Maze Runner: The Death Cure
Director: Wes Ball.
The third visualised instalment of the youth adult science fiction novel series, Maze Runner; written by James Dashner, following on a little after The Scorch Trials. I’ve previously enjoyed both the first and second films of the series, putting them at the top of it genres and liking them for being quite dark and horrifying.
As with all the other Youth Adult visualised franchises, I haven’t read the books so debating accuracies and adjustments is pointless, but thus far, I’ve enjoyed the seemingly similar storyline of segregated teenagers, under oppression, fight back against an elitist system with this one being lead by O’Brien’s Thomas.
The film opens spectacularly with an impressive chasing-train heist when our rebel heroes attempt to rescue the captured Minho. But unfortunately not everything goes to plan and pushes the group to do the unthinkable; to breach The Last City and finish the mission. The action is continuous and it needed to be as it’s the longest of the series and it certainly feels like it.
The reasons behind this is the amount of story that goes on here. It’s the concluding instalment as far as the studio and books go, so all the loose ends of betrayals, twists and revelations have to be nicely tied up and I can imagine this was a struggle to get a good balance for the entire story to work.
Everyone from the entire series is here, and I mean everyone, so the structure has had to take the strain of how big this story is. Especially as some key characters have some interesting developments. But squeezing all this in does mean other character’s stories feel short, or even sacrificed but essentially everyone does get their moment.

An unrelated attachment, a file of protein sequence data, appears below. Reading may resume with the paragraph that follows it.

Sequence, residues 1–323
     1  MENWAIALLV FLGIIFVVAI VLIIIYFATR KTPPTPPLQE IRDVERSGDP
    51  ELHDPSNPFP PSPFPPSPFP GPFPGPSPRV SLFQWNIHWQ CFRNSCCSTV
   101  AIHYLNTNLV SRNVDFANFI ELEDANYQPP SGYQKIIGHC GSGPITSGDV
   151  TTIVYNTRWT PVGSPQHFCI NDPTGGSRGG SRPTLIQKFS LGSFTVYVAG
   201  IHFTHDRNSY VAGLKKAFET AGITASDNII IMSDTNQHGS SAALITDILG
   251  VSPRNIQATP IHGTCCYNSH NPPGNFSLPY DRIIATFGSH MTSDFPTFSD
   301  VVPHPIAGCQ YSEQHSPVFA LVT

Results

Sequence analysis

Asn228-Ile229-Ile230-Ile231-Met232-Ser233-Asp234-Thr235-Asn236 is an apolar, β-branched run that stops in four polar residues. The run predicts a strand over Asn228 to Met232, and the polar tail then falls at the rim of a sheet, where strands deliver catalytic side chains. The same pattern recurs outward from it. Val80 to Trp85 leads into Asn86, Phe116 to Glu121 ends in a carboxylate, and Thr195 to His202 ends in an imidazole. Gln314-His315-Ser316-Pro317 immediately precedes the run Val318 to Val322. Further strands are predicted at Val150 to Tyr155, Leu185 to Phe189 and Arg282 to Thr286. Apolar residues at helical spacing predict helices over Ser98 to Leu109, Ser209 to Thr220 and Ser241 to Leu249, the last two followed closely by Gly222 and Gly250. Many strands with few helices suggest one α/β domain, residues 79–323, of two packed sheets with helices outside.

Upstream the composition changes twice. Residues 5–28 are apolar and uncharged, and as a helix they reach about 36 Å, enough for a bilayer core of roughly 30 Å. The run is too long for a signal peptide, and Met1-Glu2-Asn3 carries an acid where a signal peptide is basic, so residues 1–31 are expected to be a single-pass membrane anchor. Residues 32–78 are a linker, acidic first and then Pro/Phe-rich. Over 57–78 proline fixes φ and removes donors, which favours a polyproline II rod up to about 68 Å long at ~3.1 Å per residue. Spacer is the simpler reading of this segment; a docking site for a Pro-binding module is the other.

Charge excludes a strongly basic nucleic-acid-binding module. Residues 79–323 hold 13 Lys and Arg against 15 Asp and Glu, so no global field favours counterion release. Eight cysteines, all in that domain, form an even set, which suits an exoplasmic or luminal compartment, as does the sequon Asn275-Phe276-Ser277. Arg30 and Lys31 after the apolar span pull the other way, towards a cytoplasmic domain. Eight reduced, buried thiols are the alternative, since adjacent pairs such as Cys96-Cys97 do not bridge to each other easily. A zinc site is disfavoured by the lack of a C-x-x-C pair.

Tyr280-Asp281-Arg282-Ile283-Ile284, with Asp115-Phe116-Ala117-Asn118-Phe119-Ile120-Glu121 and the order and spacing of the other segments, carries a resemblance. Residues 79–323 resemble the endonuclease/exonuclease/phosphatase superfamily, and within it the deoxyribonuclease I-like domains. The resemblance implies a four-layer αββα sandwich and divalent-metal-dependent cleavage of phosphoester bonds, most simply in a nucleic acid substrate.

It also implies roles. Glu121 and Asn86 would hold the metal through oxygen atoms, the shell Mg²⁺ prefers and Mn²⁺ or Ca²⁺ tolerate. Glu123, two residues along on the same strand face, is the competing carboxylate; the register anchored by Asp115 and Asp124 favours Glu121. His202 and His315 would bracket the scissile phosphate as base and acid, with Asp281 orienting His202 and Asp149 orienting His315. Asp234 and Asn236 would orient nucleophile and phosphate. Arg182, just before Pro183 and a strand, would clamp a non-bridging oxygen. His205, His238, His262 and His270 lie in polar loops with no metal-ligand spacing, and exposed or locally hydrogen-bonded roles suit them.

And this in turn, makes it near impossible to have anything new here, having been introduced to the characters and plot elements such as the Grievers and Cranks; however the setting of The Last City is slightly refreshing, but verges on Divergent’s territory.
One key element of these films that kept me engaged, is it not being afraid to get a little dark, especially for a Youth Adult film. I can only the assume the books go much deeper but all the films have impressed me with the distance they’re prepared to go. There’s emotional turmoil, that’s violence and nasty consequences, elements, films of this genre might shy away from.
Obviously, the emotional impact the story carries is only brought to life by the performances, especially O’Brien and Brodie-Sangster with some very touching moments. Sadly, and could it be ironically, that the older actors don’t feel as strong against the younger ones? Maybe in comparison, with the story they had to work with; they’re going to appear to be the weaker players within the cast.
The action is up to par too, with some interesting sequences, especially the opening where O’Brien actually incurred a drastic head injury which resulted in the entire production being halted for a year whilst he fully recovered; and with O’Brien wishes as opposed to his permission, they actually used the take where he injured himself, in the final cut.
Obviously, the great benefits of having the same crew and cast make the series, is the consistency. Ball back at the helm, production crew and cast doing what they do and John Paesano’s score slightly recognisable, but sadly like the previous films; whilst I like his score, it’s very generic of the genre. “Rescue”, “The Lion’s Den” and “Goodbye” are the best tracks, but Lion’s Den sounds all to similar to many themes from someone like Zimmer.
This is still one of my preferred franchises within the genre, and this closes the story nicest, which is clearly no easy task to do. It does make it difficult to say which is the best of the series, but I suppose that’s a good thing, right? And if I really think about it, without rated the previous two, I’ll say it’s the weakest one out of the three.
Running Time: 7
The Cast: 7
Job Description: 7
The Extra Bonus Point: 0
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